July 15, 2015
Seaweed that tastes like bacon is too good to be true, right? Maybe not.
Researchers at Oregon State University have discovered a new strain of seaweed that is not only highly nutritious but tastes similar to bacon when cooked.
The succulent red marine algae called dulse grows extraordinarily quickly and is packed full of protein. Dulse grows in the wild along the Pacific and Atlantic coastlines.
The strain is a good source of minerals, vitamins and antioxidants – and it contains up to 16 percent protein in dry weight, according to researcher Chris Langdon at OSU’s Hatfield Marine Science Center.
“Dulse is a super-food, with twice the nutritional value of kale,” Chuck Toombs, a faculty member in OSU’s College of Business, said in a release. “And OSU had developed this variety that can be farmed, with the potential for a new industry for Oregon.”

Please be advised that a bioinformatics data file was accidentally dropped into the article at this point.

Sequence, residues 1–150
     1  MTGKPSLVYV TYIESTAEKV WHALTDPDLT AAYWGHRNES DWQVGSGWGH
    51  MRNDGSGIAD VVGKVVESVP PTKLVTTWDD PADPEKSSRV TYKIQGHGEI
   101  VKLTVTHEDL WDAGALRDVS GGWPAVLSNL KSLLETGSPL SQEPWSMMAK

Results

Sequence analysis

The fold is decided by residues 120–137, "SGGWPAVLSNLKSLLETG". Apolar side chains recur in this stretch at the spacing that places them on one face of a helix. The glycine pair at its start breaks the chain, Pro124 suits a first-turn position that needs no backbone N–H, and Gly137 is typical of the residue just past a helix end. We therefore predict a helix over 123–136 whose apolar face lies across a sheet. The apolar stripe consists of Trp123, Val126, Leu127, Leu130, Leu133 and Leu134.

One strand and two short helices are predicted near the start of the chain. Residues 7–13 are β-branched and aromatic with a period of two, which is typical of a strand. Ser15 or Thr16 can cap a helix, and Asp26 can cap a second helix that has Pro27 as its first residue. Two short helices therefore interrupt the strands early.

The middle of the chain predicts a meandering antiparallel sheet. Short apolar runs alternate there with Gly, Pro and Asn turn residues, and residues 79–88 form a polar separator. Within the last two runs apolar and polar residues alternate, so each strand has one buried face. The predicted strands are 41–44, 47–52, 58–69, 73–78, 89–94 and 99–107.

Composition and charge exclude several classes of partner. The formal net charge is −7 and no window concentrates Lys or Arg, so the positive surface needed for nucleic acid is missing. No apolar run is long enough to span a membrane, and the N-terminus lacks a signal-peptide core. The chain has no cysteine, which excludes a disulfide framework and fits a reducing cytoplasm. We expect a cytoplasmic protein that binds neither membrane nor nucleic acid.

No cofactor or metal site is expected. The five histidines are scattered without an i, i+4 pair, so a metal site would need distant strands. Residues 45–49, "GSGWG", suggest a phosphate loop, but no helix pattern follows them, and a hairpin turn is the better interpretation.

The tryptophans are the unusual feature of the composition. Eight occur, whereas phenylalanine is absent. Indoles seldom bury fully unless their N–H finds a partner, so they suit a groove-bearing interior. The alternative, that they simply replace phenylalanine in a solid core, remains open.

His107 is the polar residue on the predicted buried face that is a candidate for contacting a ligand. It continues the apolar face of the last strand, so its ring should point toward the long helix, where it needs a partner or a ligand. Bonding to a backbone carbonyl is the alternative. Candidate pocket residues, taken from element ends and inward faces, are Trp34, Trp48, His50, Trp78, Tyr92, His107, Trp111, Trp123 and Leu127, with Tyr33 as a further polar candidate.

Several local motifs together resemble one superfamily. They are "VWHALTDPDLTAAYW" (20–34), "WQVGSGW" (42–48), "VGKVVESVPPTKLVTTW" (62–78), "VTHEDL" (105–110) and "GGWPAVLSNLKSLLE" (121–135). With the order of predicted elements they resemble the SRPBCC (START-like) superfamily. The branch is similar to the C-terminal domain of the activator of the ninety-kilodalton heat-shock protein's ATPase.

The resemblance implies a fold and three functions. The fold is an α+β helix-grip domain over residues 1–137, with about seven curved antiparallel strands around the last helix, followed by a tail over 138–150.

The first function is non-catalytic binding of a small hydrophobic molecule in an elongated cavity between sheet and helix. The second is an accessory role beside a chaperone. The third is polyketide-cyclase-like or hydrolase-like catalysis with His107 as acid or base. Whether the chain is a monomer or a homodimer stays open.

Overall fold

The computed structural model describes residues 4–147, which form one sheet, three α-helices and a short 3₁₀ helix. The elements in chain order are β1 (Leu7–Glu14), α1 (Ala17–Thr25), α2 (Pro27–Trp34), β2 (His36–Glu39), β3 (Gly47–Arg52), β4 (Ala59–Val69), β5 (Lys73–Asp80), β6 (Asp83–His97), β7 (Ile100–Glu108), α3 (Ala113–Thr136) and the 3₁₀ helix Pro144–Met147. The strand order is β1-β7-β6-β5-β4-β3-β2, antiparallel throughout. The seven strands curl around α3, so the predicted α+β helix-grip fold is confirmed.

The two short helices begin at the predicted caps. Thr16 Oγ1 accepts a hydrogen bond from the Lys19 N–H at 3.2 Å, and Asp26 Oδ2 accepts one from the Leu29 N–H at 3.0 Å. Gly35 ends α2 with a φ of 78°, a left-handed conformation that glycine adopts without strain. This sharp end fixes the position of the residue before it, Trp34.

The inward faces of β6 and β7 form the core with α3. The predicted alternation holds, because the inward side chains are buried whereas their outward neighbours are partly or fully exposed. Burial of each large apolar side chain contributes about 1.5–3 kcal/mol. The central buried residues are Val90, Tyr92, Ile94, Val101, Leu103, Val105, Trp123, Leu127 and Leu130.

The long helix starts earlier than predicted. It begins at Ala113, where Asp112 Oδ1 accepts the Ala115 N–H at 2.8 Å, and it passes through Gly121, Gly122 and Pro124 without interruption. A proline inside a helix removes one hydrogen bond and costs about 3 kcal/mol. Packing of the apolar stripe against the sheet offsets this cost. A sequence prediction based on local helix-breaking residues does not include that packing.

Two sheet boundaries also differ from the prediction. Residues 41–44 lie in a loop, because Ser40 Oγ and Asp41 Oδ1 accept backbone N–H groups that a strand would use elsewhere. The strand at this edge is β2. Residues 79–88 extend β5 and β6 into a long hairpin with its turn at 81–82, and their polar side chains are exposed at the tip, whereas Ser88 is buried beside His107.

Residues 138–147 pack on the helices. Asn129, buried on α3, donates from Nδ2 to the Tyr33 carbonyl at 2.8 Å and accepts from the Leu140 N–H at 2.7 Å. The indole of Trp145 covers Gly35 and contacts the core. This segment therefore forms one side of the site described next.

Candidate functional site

There are no commercial operations that grow dulse for human consumption in the United States, according to Langdon, who said it has been used as a food in northern Europe for centuries. The dulse sold in U.S. health food and nutrition stores is harvested, and is a different strain from the OSU-patented variety.
“There hasn’t been a lot of interest in using it in a fresh form," Langdon said in the release. "But this stuff is pretty amazing. When you fry it, which I have done, it tastes like bacon, not seaweed. And it’s a pretty strong bacon flavor.”
Read more about how Langdon and his colleagues developed dulse in the latest version of Oregon’s Agricultural Progress.